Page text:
Type 1, type 2…type 3, 4, or 5? Any of these could be the new diabetes diagnosis. A new review of different types of diabetes in The Lancet has just shed light on a rapidly evolving disease that no longer fits nicely into the type 1 and type 2 boxes that doctors have used for decades.
"Type 1 and type 2 diabetes probably represent extremes on a range of diabetic disorders," the authors write, noting that many people suffering from the disease now exhibit characteristics of both forms. It was long thought that type 1 diabetes, an autoimmune disorder in which antibodies destroy pancreatic cells that control insulin production, afflicts only children and that type 2 diabetes, characterized by high blood sugar levels and obesity, afflicts adults only.
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However, over the past 30 years and in lockstep with the obesity epidemic, children as young as 10 now exhibit symptoms of type 2 diabetes, and adults have problems typically seen in children with type 1. "Now that our environment is changing and the population is less active at younger ages, we're now starting to see diabetes in younger people that doesn't match typical type 1 or typical type 2 diagnostic criteria," says Elizabeth Seaquist, MD, an endocrinologist and professor in the University of Minnesota department of medicine, and president-elect of Medicine and Science for the American Diabetes Association, who wasn't involved in the recent review.
The Lancet review identified various "hybrid" types of diabetes that share characteristics of both disorders yet are seen in a wider variety of age groups. One form, called latent autoimmune diabetes in adults and sometimes referred to as type 1½ diabetes, can befall adults over 35 who aren't necessarily overweight but do harbor the pancreas-damaging antibodies seen in children with type 1 diabetes. Another form of diabetes found more often in African American teenagers leads to high blood sugar levels (an identifying characteristic of type 2 diabetes) as well as ketoacidosis, a problem seen more often in type 1 diabetics when dangerously low insulin levels cause the body to burn too much fat, instead of sugars, for fuel.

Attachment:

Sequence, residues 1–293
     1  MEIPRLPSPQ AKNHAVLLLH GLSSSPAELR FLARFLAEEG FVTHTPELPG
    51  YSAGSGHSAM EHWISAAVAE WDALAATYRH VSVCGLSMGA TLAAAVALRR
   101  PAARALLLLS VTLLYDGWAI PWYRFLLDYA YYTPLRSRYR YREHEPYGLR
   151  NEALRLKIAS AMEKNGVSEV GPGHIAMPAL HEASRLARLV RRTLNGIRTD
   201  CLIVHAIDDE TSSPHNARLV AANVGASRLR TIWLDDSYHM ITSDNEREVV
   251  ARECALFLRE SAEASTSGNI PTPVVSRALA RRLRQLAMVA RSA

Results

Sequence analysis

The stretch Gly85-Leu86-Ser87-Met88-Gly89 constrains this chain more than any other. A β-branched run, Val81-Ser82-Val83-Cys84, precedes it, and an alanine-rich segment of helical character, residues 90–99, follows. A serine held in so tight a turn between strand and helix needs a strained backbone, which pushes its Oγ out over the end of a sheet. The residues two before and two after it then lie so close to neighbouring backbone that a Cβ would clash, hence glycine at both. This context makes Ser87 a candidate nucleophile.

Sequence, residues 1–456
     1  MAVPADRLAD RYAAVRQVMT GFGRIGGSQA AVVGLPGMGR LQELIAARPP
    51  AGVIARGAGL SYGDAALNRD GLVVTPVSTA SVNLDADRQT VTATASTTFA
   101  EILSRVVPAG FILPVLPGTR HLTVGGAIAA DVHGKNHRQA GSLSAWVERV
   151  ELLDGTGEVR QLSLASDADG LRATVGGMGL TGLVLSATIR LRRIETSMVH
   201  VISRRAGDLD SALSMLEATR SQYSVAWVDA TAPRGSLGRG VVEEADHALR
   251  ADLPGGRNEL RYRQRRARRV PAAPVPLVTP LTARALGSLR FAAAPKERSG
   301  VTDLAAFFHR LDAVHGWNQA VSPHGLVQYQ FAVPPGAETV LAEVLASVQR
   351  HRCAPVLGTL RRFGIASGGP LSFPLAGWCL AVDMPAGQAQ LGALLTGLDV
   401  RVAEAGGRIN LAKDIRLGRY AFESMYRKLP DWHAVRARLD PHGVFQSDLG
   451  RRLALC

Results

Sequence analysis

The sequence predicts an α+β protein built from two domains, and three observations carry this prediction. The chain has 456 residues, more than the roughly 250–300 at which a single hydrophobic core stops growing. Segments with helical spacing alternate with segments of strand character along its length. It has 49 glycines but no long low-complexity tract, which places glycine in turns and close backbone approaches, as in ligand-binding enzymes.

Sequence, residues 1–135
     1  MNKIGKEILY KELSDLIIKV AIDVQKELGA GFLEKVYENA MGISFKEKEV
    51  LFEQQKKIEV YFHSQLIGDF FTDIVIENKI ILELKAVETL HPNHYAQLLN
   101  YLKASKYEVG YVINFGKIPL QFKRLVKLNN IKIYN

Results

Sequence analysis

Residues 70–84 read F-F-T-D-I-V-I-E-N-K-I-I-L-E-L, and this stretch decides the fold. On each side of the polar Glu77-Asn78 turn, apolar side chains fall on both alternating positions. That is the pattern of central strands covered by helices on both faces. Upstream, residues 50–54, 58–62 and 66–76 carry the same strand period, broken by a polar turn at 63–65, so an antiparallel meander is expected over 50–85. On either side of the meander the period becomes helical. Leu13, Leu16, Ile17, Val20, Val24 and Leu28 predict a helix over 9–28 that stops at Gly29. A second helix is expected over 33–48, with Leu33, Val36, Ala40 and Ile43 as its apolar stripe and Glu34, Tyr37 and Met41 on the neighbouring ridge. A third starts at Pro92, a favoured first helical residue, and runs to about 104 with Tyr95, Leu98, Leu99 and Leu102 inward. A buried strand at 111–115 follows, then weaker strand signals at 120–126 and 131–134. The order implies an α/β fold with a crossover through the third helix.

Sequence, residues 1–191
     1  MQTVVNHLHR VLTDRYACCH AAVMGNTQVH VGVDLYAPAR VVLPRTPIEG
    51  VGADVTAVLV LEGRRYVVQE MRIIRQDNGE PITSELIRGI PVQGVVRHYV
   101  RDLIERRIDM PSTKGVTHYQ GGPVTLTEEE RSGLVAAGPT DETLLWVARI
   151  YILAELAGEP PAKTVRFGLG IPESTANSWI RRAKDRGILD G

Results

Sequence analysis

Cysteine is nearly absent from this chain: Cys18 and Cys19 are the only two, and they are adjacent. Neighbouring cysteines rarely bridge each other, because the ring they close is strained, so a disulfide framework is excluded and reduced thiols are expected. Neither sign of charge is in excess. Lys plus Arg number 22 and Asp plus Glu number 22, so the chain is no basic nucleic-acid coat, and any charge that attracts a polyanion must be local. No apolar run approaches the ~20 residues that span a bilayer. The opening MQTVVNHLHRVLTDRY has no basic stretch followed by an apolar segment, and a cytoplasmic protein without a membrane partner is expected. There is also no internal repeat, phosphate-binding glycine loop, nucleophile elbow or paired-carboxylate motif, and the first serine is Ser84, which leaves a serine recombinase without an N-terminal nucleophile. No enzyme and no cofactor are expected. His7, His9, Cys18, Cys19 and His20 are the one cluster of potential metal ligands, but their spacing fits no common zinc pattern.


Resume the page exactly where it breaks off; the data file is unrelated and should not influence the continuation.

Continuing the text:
What all this means, the authors write, is that diabetes is a far more complicated disease than previously thought, and with a disease that is strongly influenced by genetics, it now seems like people can be genetically predisposed to both the autoimmune forms of diabetes and the forms more influenced by lifestyle factors like diet and exercise.
The authors also allude to environmental factors that could be heavily influencing the progression of the disease. A growing body of research is finding associations between people with diabetes and exposures to high levels of hormone-disrupting chemicals, which interfere with how the body produces and manages hormones like insulin. "There's a lot of good epidemiological work coming out that shows an association between a variety of environmental risk factors and diabetes," says Dr. Seaquist. And although obesity and lack of exercise are the strongest risk factors, she adds, there could be something else in the environment playing a role, whether it's pollution that deters people from exercising or endocrine-disrupting chemicals that people absorb from everyday products. "We're really just at the beginning of understanding these variables," she says.
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The most important takeaway from this new science, she adds, is that "anyone who is genetically predisposed to the disease needs to recognize that they can modify that risk by behavioral factors: exercise and watching their diet." Modify those, and many at-risk people might just avoid diabetes types 1 to 100 or A to Z.
Published on: December 12, 2013
Updated on: December 13, 2013